Structuration of the genetic and metabolite diversity among Prince Edward Island cultivated wild rose ecotypes.

Ghose, K., McCallum, J.L., Fillmore, S.A.E., Kirby, C.W., Sanderson, K.R., Joly, S., Bruneau, A., and Fofana, B. (2013). "Structuration of the genetic and metabolite diversity among Prince Edward Island cultivated wild rose ecotypes.", Scientia Horticulturae, 160(27), pp. 251-263. doi : 10.1016/j.scienta.2013.01.016  Access to full text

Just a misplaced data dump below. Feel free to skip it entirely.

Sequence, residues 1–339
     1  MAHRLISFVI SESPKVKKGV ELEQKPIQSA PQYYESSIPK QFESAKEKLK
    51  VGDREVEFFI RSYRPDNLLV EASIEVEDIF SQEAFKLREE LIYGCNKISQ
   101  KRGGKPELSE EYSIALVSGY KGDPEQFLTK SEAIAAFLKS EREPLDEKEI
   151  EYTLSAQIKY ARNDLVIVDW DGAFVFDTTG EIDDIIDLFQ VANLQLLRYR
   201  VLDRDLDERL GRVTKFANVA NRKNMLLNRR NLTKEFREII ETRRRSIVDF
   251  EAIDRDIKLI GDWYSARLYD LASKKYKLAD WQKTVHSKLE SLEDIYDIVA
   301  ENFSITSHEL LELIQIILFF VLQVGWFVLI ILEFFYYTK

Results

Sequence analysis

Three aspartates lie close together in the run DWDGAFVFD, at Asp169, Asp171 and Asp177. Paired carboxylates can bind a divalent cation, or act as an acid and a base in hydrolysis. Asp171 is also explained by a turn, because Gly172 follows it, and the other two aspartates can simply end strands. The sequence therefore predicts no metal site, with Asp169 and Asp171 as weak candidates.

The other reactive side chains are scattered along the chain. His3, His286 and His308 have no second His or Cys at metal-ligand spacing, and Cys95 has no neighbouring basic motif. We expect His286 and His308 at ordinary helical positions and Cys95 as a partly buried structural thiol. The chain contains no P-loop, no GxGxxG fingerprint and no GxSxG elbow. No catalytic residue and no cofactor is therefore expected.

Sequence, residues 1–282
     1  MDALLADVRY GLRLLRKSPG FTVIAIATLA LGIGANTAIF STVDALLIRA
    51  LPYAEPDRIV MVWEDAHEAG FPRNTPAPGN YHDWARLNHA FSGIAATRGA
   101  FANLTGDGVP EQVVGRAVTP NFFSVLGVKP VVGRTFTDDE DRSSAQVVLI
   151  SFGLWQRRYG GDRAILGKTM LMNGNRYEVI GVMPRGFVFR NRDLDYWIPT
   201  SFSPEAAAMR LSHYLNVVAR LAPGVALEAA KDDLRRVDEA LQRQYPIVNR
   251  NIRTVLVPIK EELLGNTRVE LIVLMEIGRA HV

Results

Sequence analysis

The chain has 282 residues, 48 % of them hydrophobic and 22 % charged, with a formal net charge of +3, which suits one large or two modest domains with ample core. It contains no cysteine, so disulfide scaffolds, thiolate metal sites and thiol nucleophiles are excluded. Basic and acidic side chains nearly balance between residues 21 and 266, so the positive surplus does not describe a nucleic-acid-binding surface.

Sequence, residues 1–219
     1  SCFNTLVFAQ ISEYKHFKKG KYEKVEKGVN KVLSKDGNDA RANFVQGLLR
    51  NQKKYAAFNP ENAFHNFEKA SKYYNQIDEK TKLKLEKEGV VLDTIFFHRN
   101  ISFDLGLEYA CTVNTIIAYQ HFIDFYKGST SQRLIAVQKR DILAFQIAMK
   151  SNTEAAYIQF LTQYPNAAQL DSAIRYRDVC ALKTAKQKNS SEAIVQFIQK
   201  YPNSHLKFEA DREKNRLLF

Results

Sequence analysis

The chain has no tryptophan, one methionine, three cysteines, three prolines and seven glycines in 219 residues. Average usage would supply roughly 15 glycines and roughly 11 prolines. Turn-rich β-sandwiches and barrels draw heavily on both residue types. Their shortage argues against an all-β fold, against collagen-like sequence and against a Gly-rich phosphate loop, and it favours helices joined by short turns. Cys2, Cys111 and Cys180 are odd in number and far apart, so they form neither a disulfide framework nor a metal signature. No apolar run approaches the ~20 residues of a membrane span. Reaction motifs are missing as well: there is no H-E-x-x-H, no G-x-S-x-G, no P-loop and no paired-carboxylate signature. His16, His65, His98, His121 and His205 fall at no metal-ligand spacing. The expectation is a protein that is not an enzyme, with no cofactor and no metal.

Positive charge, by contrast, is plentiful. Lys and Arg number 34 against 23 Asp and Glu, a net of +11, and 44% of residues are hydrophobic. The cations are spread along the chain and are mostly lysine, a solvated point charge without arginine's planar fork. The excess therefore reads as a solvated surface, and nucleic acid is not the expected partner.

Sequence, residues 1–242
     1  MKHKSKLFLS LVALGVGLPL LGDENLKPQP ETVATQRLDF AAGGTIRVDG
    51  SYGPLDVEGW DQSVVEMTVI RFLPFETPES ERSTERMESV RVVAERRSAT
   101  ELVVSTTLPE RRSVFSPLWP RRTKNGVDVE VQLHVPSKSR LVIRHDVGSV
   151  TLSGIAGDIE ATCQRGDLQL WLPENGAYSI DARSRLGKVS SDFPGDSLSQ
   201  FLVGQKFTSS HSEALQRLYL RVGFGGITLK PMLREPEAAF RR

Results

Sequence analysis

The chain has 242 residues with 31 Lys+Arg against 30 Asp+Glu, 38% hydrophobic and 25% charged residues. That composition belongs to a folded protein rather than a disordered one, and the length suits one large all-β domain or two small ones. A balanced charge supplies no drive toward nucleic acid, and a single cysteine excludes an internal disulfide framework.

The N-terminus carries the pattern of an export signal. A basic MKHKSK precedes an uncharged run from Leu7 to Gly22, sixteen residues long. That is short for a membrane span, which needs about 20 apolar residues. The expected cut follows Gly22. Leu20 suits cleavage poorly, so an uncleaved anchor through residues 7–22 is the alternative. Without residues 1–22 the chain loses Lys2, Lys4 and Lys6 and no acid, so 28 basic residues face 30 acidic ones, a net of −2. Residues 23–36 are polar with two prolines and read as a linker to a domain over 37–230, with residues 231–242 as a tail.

Wild roses are widespread throughout North America but it is only recently that commercial interests have increased worldwide for rosehip products. Rosehip production under field conditions is new for North American wild roses and the cultivated materials are not well characterized. Despite recent phylogenetic studies on North American roses, micro-evolutionary studies at regional level in terms of genetic and metabolite diversity are scarce. We have characterized 30 wild rose ecotypes collected from different regions Prince Edward Island using microsatellite (SSR) markers, SNP of the chloroplast trnaL intron and the nuclear gene GAPDH, ploidy determination as well as the metabolite profiling for major phenolics and fatty acids. A total of 244 SSR alleles, with an average of 12.2 per marker were observed. The polymorphic information content (PIC) ranged between 0.00 and 0.97, with an average of 0.70. Cluster analysis showed three main clusters, cluster 3 showing the greatest diversity. Within each cluster, the ecotypes also showed large metabolite diversity, reflective of their genetic diversity. The data suggests the potential for the cultivation of a given ecotype for its unique metabolite profile or it incorporation in breeding programs. The ploidy and phylogenetic studies showed that all 30 ecotypes were tetraploid and that the collection is consisted of Rosa virginiana and its natural hybrids with Rosa carolina.

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